[From T.Quayle Agriculture of IoM, 1812]


IMPORTANT as this object is to the health and comfort of the inhabitants of every country, and ample as are the returns for the share of capital employed in horticulture, in this island, it is too much neglected. To the houses of some few of the gentry, indeed, good gardens are attached. One in particular, with walls, lofty, extensive, and well clothed, is remarkably productive in all kinds of fruit adapted to such a climate. Some orchards there also are, which bear well ; but no cyder has yet been manufactured.

In 1810, when the orchards in the eastern part of England Buffered nearly a total failure, the fruit in the few Manks orchards was most abundant. The surface of the island is so uneven, as to furnish every where sheltered spots in favored exposures, where fruit-trees would undoubtedly prosper. In every instance where the trial has been made, success has attended it.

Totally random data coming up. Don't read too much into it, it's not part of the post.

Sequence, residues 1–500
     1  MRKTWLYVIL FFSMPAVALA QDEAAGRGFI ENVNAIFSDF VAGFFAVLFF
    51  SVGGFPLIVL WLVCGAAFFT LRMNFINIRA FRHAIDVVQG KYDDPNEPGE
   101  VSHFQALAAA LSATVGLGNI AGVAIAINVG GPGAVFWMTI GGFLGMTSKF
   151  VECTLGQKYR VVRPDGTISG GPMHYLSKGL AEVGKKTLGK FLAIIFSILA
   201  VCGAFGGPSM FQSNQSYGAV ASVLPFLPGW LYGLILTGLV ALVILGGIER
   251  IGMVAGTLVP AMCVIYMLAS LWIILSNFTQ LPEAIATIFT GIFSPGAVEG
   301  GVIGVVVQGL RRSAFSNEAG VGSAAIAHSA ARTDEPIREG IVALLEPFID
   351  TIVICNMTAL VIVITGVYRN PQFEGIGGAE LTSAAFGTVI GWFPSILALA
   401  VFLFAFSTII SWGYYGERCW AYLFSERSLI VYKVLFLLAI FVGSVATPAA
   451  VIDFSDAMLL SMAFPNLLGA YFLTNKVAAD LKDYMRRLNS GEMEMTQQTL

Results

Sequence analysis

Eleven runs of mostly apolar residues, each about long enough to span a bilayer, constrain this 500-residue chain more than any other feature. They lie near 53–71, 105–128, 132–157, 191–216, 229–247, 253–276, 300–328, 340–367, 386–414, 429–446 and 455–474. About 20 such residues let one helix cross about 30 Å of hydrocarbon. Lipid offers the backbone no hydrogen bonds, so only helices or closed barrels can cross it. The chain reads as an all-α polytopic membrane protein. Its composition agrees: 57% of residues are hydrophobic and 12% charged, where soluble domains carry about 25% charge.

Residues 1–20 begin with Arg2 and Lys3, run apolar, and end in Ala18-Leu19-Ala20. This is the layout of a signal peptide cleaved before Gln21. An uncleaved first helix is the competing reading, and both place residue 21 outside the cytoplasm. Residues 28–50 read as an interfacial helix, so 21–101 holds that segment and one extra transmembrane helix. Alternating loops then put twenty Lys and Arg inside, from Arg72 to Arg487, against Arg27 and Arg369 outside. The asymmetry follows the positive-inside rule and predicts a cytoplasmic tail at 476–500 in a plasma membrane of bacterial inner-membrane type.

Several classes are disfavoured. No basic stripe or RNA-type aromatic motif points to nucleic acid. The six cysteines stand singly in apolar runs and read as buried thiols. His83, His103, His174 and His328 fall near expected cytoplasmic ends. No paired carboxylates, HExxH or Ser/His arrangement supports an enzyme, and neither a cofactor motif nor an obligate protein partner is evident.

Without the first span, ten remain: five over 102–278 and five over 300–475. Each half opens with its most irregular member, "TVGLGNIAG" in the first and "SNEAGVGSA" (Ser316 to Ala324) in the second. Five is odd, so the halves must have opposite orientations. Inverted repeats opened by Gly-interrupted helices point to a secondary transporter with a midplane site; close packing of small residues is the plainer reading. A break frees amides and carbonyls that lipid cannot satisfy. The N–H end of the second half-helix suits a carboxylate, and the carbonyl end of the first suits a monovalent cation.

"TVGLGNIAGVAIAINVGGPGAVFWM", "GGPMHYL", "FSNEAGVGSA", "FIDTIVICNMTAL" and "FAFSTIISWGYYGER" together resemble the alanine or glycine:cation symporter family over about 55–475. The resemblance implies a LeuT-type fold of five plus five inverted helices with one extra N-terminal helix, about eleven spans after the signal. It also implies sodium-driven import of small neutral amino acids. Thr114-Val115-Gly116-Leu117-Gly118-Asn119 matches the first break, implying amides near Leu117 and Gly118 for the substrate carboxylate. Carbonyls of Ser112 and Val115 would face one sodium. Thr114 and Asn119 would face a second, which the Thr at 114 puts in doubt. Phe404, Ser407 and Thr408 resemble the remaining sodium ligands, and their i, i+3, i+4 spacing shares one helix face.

A nursery ground has, in the course of the present year, 1811, been established in the neighbourhood of Douglas, to which it is hoped due encouragement may be given at its commencement. The hazard, delays, and uncertainty of a sea-voyage have hitherto presented a serious obstacle to the formation of orchards, which the facility of obtaining fruit-trees at their own door will in future remove.


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